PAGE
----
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Changing the Path of Our Climate

In August of this year, GreenEarth Cleaning published a blog regarding the UN’s Intergovernmental Panel, following the publication of its Climate Change report.

The report delivered the starkest warnings yet. The latest findings, approved by 195 member states, dealt with the physical science basis of climate change and how humans are changing the planet.

We also discussed COP26 in Glasgow, Scotland, and how it was considered more vital than ever that firm agreement to carbon emission reduction targets be put in place and actions to support this take place as a matter of urgency.

So, what were the main takeaways from COP26, and what can everyone do to play their part?

  1.  Phase Down Fossil Fuels but Not Phase Out—At the beginning of negotiations, there were discussions around moving away from coal and fossil fuel subsidies.  By the time of the second draft of the deal, the language had changed to urging countries to move away from “unabated coal” and “inefficient subsidies for fossil fuels.”

On the final Saturday of COP26, China and India successfully pushed for another last-minute change to the crucial phrase, saying they would agree only to “phase-down unabated coal,” rather than “phase-out.”

Whilst many were disappointed about the phasing down of fossil fuels rather than out, the text did represent the first-ever mention of coal and fossil fuel subsidies in such a deal.

  1. Focus on 1.5 degrees centigrade—This was the target set in Paris in 2016. Whilst it is believed that there is a small chance to achieve this, drastic changes would need to be made and promises kept. Most thinking would suggest achieving somewhere between 2 and 2.5 degrees, depending on the commitment of all nations.
  2. Timeline Acceleration—The deal “requests” that world leaders “revisit and strengthen” their 2030 targets under the Paris agreement, known as “nationally determined contributions” (NDCs), by the end of 2022. This compares to a typical five-year timeline for countries to submit new or updated NDCs.  The hope is that this will keep commitments in the front of governments’ and citizens’ minds when it comes to combatting climate change.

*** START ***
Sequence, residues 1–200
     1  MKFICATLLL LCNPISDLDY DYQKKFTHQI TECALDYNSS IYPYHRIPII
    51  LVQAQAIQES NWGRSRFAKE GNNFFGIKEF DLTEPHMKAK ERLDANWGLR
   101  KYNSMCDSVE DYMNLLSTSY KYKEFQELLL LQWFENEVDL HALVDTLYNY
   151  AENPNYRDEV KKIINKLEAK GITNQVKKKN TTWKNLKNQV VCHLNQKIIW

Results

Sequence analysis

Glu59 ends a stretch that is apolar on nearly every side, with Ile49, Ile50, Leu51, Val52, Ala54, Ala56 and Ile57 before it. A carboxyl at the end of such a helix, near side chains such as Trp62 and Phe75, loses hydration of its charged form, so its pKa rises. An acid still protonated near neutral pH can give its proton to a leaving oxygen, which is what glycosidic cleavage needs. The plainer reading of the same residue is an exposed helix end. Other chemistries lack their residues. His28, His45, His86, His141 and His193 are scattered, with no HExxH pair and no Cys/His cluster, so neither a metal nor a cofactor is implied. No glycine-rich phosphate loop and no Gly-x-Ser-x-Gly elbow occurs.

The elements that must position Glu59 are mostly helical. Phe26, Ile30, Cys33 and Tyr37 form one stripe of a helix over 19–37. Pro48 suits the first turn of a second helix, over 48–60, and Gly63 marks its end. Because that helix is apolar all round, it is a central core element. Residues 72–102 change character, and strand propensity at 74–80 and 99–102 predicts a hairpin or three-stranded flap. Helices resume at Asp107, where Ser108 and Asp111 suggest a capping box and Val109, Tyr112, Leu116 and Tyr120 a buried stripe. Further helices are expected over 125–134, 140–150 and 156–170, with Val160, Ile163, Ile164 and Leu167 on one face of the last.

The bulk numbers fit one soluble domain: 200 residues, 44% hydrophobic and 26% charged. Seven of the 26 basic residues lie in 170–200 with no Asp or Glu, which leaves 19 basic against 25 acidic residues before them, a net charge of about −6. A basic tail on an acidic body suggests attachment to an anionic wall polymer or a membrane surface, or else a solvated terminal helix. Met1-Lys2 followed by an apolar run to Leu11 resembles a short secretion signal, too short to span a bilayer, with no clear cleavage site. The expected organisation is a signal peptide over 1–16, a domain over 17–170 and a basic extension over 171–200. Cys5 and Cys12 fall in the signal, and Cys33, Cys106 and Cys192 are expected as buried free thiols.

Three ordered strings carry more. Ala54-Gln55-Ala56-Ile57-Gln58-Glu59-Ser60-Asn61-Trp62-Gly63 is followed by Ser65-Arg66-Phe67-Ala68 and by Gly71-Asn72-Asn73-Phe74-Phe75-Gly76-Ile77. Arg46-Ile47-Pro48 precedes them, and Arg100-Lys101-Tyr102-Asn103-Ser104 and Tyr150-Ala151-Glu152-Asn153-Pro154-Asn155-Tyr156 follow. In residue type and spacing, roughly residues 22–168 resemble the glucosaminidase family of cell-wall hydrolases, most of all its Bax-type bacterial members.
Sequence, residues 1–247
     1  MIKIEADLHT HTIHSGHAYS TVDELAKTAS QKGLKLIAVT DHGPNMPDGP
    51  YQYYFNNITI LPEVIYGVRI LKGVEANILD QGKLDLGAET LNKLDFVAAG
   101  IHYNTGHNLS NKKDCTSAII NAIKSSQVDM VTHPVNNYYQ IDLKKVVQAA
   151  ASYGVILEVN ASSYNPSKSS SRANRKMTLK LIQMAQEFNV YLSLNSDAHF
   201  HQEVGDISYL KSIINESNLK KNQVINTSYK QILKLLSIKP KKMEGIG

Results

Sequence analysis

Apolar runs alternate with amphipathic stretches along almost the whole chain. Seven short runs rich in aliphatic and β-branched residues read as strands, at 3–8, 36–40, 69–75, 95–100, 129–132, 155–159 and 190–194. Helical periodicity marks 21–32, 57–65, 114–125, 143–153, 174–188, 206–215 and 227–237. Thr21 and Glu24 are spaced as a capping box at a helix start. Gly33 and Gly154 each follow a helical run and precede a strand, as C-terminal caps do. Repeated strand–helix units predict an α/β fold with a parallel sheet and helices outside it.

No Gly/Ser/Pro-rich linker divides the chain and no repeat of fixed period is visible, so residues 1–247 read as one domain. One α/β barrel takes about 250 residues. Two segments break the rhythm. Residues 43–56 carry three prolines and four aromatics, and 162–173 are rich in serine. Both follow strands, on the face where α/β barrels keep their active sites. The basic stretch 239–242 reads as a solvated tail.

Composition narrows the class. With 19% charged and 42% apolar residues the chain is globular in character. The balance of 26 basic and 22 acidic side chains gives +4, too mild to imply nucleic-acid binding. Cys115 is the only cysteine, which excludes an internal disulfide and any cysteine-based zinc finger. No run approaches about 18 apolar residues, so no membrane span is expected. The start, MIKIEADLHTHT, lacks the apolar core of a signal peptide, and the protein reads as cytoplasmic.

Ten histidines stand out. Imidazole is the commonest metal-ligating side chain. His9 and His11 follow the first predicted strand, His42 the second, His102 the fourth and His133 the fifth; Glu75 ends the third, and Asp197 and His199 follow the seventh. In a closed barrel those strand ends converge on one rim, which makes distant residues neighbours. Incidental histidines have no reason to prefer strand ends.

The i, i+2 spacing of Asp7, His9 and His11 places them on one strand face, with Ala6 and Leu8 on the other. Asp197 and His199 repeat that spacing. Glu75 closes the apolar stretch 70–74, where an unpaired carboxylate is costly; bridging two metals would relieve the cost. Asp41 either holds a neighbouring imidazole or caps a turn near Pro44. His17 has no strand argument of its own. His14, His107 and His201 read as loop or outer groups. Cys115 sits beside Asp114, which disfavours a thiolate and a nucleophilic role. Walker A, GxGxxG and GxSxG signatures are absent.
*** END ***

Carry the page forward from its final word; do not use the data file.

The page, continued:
3. Funding Future Loss and Damage—whilst almost every part of the globe will see the negative impacts of climate change (if not already), there are said to be around 50 countries that are at a greater risk. Even if greenhouse gas emissions were to stop today, a lot of the damage has already been caused.  Therefore, the 50 or so countries will need additional financial support to combat the effects.  

However, delegates agreed to start a “dialogue” about the idea, angering those who say such reparations are long overdue.

  1. Voices of the Young—There was a large presence of young people in Glasgow voicing their passionate opinions on how climate change will impact theirs and future generations’ lives the most. The presence was felt more outside the venue, where more than 100,000 people marched to demand climate action. It even struck a chord with former US President Barack Obama telling the youth of today to “stay angry” about inaction on global warming.

So, what next? Well, the deal is an important development, but many would say that it’s not enough. However, it is something that can be built on, and it saw some firsts and requests that countries review their commitments more regularly.

It’s easy to blame a government (whatever your political persuasions might be) for what they do and don’t do. Equally, we don’t necessarily need policy change for us to make a change—it can start with our personal goals, actions, and statements.